The policing of gender and sexuality intensified with the rise of “scientific” imperialist discourses from the late-eighteenth century. Scientific knowledge production has often served ruling class interests and parallel with the development of biological arguments about racial inferiority, there developed in Europe for the first time the notion of fundamental “sex” difference – biological differences determining moral and social ones. Previously the Galenic ‘one-sex model’ had prevailed, whereby women were seen to be lacking ‘vital heat’ and so were an ‘inversion’ of men (women’s reproductive organs were interpreted as an inverted penis). Sex is like gender a constructed category and ‘almost everything one wants to say about sex—however sex is understood—already has in it a claim about gender.’
Arguments that the ‘two-sexes model’ is proved correct by scientific “discoveries” about human biology, including the recent spurious concept of “sex chromosomes”, is nonsense; there is no unified experience that can be called biological womanhood. Biological variations among humans, though consequential, are not uniform. For instance far from all women can become pregnant, or menstruate, belying notions of biologically-determined sexism. Human biological variations have always been a spectrum: scientists now acknowledge that as many as 1 person in 100 have a so-called ‘intersex condition’ – chromosomal, gonad, genital or secondary sex characteristics that don’t easily fit into two distinct sexual categories. Indeed, scientists are now finding that almost every human body is ‘a patchwork of genetically distinct cells, some with a sex that might not match that of the rest of their body’. What is significant then, as transgender Marxist-Leninist Alyson Escalante points out, are those ‘material social conditions which…retroactively apply social meaning to biology and anatomy as a justification for the exploitation of women [and gender/sexuality non-conformists].’
During the nineteenth-century highpoint of British imperialism, the scientific arguments about natural sex roles, and relatedly the new hetero-homosexual binary, were exported to the colonies. Early transgender liberationist Leslie Feinberg pointed out how laws ‘criminalising same-sex relations in India, Malaysia, Pakistan, Bangladesh, Myanmar, Singapore…and Brunei all have the same name—“Article 377”—because the same colonial power wrote the law: Britain.’ It was only last year in India that this article was ruled ‘unconstitutional’.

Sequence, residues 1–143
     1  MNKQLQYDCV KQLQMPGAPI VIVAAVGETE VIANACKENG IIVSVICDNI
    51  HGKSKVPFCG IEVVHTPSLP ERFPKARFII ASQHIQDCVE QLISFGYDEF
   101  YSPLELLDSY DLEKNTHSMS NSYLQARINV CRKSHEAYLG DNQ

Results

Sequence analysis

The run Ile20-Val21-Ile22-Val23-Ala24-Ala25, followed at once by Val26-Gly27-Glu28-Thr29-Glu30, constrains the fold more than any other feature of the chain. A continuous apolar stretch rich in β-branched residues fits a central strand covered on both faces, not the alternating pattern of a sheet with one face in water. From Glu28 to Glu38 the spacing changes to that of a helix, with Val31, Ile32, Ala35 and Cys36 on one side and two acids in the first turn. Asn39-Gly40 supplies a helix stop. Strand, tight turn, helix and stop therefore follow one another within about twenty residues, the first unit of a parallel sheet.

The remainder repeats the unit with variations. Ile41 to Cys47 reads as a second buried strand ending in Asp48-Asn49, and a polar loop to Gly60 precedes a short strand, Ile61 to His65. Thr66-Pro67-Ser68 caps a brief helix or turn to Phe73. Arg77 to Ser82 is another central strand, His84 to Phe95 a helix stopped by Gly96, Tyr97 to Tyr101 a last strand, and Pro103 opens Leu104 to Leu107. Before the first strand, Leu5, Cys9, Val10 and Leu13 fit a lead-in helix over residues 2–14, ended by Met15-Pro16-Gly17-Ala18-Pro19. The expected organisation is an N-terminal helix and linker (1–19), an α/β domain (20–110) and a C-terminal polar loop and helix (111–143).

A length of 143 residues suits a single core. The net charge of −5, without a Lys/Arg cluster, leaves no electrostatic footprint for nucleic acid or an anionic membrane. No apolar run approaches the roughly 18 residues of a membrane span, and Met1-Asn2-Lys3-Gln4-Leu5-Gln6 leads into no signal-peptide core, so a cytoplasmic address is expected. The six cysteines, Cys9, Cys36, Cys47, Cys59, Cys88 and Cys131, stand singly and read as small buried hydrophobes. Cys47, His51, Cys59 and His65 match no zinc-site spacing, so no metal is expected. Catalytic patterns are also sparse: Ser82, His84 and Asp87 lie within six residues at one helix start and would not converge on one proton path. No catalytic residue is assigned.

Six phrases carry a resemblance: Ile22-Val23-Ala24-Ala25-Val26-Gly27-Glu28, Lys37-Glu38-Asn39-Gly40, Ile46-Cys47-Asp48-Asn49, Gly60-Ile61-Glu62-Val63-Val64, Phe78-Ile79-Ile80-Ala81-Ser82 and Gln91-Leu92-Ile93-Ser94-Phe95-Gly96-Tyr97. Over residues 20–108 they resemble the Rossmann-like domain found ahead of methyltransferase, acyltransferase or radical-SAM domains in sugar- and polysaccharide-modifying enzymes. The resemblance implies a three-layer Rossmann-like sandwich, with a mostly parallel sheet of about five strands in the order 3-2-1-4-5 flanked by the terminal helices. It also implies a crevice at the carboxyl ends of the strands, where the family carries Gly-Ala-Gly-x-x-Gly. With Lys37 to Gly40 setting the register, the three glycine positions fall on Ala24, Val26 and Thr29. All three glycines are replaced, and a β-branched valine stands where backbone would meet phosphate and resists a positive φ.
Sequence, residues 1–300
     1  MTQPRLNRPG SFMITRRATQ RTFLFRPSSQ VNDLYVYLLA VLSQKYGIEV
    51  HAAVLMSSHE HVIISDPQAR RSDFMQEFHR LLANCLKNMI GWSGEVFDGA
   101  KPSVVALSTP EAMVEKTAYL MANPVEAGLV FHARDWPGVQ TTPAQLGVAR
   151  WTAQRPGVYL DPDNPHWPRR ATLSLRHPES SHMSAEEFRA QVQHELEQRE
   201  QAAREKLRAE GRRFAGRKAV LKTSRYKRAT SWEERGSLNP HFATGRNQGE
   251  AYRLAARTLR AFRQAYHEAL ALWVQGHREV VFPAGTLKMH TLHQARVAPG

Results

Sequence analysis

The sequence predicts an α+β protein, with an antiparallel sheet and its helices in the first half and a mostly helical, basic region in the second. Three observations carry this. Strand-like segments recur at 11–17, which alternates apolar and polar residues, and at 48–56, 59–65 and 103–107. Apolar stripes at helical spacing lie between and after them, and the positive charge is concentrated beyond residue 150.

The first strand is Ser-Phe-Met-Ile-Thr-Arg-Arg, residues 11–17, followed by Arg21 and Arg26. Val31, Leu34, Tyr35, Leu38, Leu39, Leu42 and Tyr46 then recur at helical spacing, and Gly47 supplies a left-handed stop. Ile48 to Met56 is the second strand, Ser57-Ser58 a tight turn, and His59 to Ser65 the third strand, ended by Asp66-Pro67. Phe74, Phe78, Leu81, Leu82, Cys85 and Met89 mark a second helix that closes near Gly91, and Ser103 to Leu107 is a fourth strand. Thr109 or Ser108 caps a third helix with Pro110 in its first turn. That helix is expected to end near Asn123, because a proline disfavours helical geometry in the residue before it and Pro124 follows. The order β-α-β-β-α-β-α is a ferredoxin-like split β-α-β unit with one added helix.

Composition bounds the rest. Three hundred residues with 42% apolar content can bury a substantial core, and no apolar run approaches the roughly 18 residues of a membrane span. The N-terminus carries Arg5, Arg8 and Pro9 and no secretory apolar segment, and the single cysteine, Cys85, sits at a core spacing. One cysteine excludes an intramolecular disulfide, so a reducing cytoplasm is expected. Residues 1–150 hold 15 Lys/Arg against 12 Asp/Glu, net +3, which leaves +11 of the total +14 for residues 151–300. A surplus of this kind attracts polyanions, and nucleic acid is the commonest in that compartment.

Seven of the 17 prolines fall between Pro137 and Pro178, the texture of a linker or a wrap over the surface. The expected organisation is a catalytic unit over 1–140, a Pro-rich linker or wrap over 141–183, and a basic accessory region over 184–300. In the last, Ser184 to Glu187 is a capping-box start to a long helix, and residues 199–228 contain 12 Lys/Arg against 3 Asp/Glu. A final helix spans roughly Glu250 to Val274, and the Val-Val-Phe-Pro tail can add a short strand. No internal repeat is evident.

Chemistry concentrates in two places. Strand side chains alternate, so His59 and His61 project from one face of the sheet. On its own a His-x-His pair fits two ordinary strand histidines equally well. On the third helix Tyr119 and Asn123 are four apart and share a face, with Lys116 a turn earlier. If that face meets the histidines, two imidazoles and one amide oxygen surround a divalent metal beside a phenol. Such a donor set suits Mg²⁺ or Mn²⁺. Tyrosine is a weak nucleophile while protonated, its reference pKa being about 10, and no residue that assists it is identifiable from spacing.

The basically historical-materialist position that “sex” is, like “race”, a social-historical construct often leads to facile rhetoric along the lines “then why don’t we accept ‘transracialism’?”. The Marxist reply to this is simple: if rejection of socially-assigned “race” was a significant social phenomenon then as Marxists we would investigate. And in fact, much has been written on for instance the phenomenon of many South Asians adopting a politicised ‘Black’ identity in ‘70s-80s Britain. But there are only exceptional cases of white people adopting a different racial identity: the Rachel Dolezal saga is a basically cut-and-dry case of somebody exploiting another culture for personal gain, without any real knowledge or respect for it. This is the position of black trans writer Kai M. Green: ‘I am not offended by Rachel Dolezal. I ask her the same question I ask [Caitlyn] Jenner: What do your politics look like? And what kind of work do you do?’ What actually matters is that there have long existed gender non-conforming communities and individuals across societies; that they are primarily working-class, and have been especially oppressed under heterosexist class rule.
A pro-LGBT, anti-imperialist perspective is pressing today, as the final wave of primitive accumulation provoked by ‘globalisation’ has been accompanied by a renewed assault on gender and sexuality diversity.
Capitalism responded to the political-economic crisis of the ‘70s with major restructuring: the production centres of the world-economy shifted from the global North to the South, but on terms completely unfavourable to the latter. Globalisation has entailed the destruction of small-scale farming in much of the South, which has caused mass population displacements and led hundreds of millions of women migrants to enter wage-labour relations. Especially black Marxist feminists in Britain have stressed how black and ‘Third World’ women’s unwaged work ‘greatly subsidises the costs of reproducing male labour’, both within the global South and the imperialist countries. Due to the imposition of capitalist-heterosexism women occupy the lowest-paid, most vulnerable jobs – particularly in the new ‘free-trade zones’ of Asia, Africa and Latin America – while retaining their burden of unwaged reproductive labour. The sustainment of imperialist profits in an era of economic contraction relies not only on women’s super-cheap labour but also the fact that, according to recent UN stats, over 60 percent of women’s working hours are uncompensated. This unwaged work facilitates the longer male (waged) working-hours that exist in neo-colonial countries, to the profit of Western multinational corporations.